Efflorescence in concrete, brick and block walls

What is efflorescence? It is a build up of mineral salts that form in a similar way to stalactites in a limestone cave.

efflorescence in a coloured cement blockwork wall
A reinforced concrete blockwork wall, 200 thick.

Where I live we don't see a lot of this build up of mineral salts that leaches out of untreated cement or concrete surfaces. For the most part the problems usually occur and are more obvious and worry some in face brickwork or blockwork.
Most of the masonry houses where I live are now built with concrete blockwork walls are the are finished in the following ways.
  • Painted.  The paint protects the blockwork, it seals it from water penetration and changes the colour.
  • Plastered, with additives in the plaster to waterproof it.  Sometimes colour is added also.
  • Plastered and then painted, this is by far the most common method in my neck of the woods.
  • Clear finished with a clear sealer to waterproof the walls.
The clear finish is normally only used when coloured blocks are used to preserve the look of the blocks.
Any cement or concrete based product can be prone to efflorescence, but it shows up mostly on the clear finished or unfinished cement bricks or blocks. Painting and plastering should be done early, before the onset of efflorescence. This just about always stops it's appearance.
efflorescence on the outside of a concrete water tank
Build up around the construction joints of a concrete water tank.

Here you can see quite plainly, small stalactites forming on the outside of a concrete water tank.

  • In the case above, water is slowly leaching through the construction joints in the concrete wall. When the water evaporates out a white powdery build up is left behind.
  • The water itself (from whatever source) may contain the mineral salts that cause the problem.
  • The water could be dragging the salts out of the actual concrete, brick or block material.
  • Quite often it is the mortar in brickwork or blockwork that is causing the efflorescence. It is common to see it following and leaching downwards from the mortar joints.
  • Clay bricks seldom give off efflorescence, but of course they have to be laid in mortar.
  • When concrete products are manufactured they can and do show signs of the big "E", but these are very few as the manufacturers take steps to minimise it.

How to if not stop efflorescence, at least minimise it.

  • This action of depositing mineral salts is directly related to moisture, so reduce or stop the source of water.
  • If I was building a blockwork house, I would try my hardest to convince the owner that clear finish blockwork is not a good idea.
  • If I had to do it, I would keep the blocks themselves dry before laying them. This keeps the block layers happy also, they don't want wet blocks.
  • In the wet season I have been known to cover the tops of the walls every night and sometimes when we were were quick enough before the rain hit.  I can't say if it did any good really, but you must try.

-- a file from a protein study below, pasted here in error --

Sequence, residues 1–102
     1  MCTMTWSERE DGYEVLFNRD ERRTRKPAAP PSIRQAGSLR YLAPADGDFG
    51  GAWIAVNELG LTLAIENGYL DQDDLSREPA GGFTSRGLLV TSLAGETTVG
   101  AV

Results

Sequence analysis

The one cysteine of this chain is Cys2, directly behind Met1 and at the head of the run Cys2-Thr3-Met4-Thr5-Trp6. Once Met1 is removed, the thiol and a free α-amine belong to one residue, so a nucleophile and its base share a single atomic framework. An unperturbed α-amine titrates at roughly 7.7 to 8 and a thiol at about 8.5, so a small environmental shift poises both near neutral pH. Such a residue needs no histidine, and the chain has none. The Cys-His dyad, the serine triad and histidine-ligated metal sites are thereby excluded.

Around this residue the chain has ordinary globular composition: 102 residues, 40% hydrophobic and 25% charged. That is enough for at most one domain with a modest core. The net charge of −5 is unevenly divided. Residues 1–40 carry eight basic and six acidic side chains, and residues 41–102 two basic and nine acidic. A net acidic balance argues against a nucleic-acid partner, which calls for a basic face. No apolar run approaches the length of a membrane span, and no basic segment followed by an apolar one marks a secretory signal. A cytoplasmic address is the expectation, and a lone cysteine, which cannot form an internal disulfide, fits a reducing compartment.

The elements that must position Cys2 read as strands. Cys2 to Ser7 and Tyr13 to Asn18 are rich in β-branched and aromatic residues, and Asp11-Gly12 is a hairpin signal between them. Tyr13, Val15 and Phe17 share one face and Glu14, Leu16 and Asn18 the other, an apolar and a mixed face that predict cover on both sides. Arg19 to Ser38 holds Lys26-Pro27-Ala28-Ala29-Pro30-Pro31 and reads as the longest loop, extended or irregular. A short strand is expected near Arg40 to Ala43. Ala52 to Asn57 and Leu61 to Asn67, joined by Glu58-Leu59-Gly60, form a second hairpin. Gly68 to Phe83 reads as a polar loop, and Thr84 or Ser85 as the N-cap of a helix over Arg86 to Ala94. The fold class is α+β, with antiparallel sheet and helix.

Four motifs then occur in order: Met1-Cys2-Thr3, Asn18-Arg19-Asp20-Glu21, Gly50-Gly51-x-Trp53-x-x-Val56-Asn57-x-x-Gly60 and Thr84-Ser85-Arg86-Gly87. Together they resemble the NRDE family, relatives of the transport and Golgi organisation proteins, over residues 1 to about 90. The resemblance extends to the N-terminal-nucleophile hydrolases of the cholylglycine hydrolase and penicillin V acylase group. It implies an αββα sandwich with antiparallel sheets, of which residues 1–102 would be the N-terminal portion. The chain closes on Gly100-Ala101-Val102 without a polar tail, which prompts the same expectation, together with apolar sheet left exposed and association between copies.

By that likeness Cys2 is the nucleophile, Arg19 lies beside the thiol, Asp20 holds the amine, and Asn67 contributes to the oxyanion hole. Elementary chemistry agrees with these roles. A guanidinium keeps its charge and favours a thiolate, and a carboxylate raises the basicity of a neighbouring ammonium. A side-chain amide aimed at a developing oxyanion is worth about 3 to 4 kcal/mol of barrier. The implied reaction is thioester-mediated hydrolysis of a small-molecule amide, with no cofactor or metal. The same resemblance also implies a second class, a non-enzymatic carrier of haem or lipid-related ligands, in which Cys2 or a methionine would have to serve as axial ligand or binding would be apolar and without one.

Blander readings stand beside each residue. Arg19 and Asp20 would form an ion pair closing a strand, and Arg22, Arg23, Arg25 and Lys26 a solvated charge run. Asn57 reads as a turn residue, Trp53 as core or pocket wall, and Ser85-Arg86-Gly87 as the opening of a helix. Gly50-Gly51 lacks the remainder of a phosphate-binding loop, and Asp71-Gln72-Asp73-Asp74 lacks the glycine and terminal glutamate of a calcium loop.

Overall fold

• When we corefill reinforced blockwork we use a runny concrete mix, and it is also common to hose down the insides of the cores as much as possible just before the pour, to stop the dry blocks from sucking out the moisture in the corefill before it gets everywhere it has to get.
  • So we have a catch 22, water down the blocks and get efflorescence, or don't water the blocks and the cores may not fill completely.  No question, the strength and integrity of the wall has got to come first.
  • Ongoing efflorescence could be a sign that water is getting into the walls, through flashings, or a breakdown in the clear sealer or a failure in a damp proof system allows ground water to rise up the wall.

How to remove the big "E"

  • If you have it bad, don't expect to get it all off.
  • Get the wall bone dry an then try to remove the dry powder with a stiff brush.
  • Then lift off what you can with a damp sponge.
  • Water blasting or hosing down might initially look good, but you just put some of the stuff back into the wall, and you have soaked the wall so that the drying process will bring it and more out again.
  • Don't use phosphoric acid.   It is often stated that it will clean off efflorescence.   It will, but you have to use it very diluted, and then you have to wash the whole wall down after to shift all the acid residue, so you may start the same cycle.  It works but not good enough to compensate for the inconvenience and danger to the user.
  • Same thing with strong alkaline cleaners, they work but are not really worth it.  In a worst case you could be putting more salts into the wall.

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Please Note! The information on this site is offered as a guide only!  When we are talking about areas where building regulations or safety regulations could exist,the information here could be wrong for your area.  It could be out of date!  Regulations breed faster than rabbits!
You must check your own local conditions.
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